A) The big surprise for me, I guess, is that they didn’t do as much testing as you might imagine and I would have liked, especially in KZ. They did a lot of work at the factory on the dyno before they went to a race meeting but the actual time at the track is limited.

Q) What about an example from - say - a round of the European championship. Did you just fly in and jump in a kart with your name on it and go out and learn the track? Or did you have a schedule and stuff to work through?

A) The team would arrive with - say - four chassis and (this is the day before qualifying, usually Thursday) we would literally do eight minutes in one then jump in the next one to find out which is the best and nail down the two (per driver) we wanted for the race weekend.

Q) Tony Kart owner Roberto Robazzi still goes to all the races and has a very much hands-on role doesn’t he?

A) Absolutely. He loves the KZ class and he will - literally - be the one working alongside you on a race weekend. He is as dedicated as the drivers and having him there, as you would imagine, is a massive benefit.

Q) In terms of the nitty gritty, when you have four different chassis to test is there a big difference from one to another? Or is it more subtle?

A) It really depends on the circuit. Some are identical, some are radically different, depending on factors like track grip.

Q) And what about the format or a race weekend? Are they all the same. Or do they differ depending on series?

A) It depends on whether it is a WSK or CIK round. All I know is that any final at a CIK-FIA meeting is brutally long especially when it is at a track like La Conca which is really tiring. Kerpen in Germany is probably the most physical track because it is unbelievably grippy and it also has a lot of chicanes.

Q) On a more technical bent now Marcus, talk us through the use of data analysis at the top level in karting these days. Did you spend a lot of time on it, like the car guys do?

A) At the beginning in KF I analysed what I was doing a lot but there's a point, I think, where it can mess with your head. One area Tony Kart was big on was the use of tyre temperature sensors and I found these a lot of use because it was so easy to overdrive - and ruin - the Vega White tyre we were running in KZ. They were like the Pirellis in F1, where the best drivers can manage the tyre and do their fastest lap at the end of the race.  By using the temperature sensors we were able to analyse the temperature of the tyre throughout a run which was important because the main problem in KZ was looking after the tyre. For instance, I could always bring something out in qualifying but it is easier said than done looking after a tyre in a race because it is so easy to slide a kart."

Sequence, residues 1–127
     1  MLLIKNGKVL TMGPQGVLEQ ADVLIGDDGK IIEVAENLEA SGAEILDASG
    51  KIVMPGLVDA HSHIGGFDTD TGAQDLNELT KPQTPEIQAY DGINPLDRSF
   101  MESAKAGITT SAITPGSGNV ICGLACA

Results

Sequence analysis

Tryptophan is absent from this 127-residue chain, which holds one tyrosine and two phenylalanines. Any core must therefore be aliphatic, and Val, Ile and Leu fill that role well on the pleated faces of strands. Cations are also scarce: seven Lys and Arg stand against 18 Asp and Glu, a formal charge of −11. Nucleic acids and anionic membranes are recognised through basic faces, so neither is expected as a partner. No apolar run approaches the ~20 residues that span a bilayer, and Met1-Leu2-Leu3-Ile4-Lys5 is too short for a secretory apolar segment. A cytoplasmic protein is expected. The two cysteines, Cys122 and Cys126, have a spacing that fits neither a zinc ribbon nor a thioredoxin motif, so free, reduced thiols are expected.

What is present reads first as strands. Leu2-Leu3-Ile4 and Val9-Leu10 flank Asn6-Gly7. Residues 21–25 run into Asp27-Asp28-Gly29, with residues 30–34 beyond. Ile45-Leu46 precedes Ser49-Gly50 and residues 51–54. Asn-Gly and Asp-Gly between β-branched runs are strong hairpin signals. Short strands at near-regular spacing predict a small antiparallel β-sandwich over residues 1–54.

Q) Better wrap this up Marcus, two - key - final questions. The first one is, what is your favourite kart track now that, obviously, you have raced at a few?

A) La Conca in Italy because the kerbs are low and on the Vega White the grip is absolutely unbelievable.

Q) And finally, why karts in Europe and not the more conventional NZ route of karts to Formula Ford, TRS etc? It was your own decision, wasn't it? And certainly a big call from a 13-year-old (when you made it). But the interest in you at the moment from car teams in Europe certainly suggests it has paid off , doesn’t it?

A) I definitely had to push to get to do karts in Europe, for no better reason than it's a long way from home and initially anyway my Dad didn't want me to go. He fancied the idea of doing cars, but I thought it would be more beneficial to stay with karts. We had done a good job when we went up to do two races with the Kosmic team the year before and that led to being invited back the following season by Tony Kart. I think a lot of people will judge my career path without seeing karting at the highest level and to be fair I think you have to see it (at that level) to understand. You just have to ask a guy like Daniel Bray and he will say the same thing. When you see all the factory teams at a meeting it is just mega!

Q) Your success on the world stage also reflects well on the sport of karting here, doesn’t it?

A) I definitely had some good teachers. Guys like Matt Hamilton for example. A lot of what stood me in good stead in Europe I learned from Matt as we travelled around and raced here and when I did my first meetings overseas.

Q) As you move from karts to cars what is your advice to kids who now see you as a role model?

A) Learn the tricks of the trade in karts first and don’t get into cars too early. Then when you do, make sure you have the right teachers, something I'm working through now."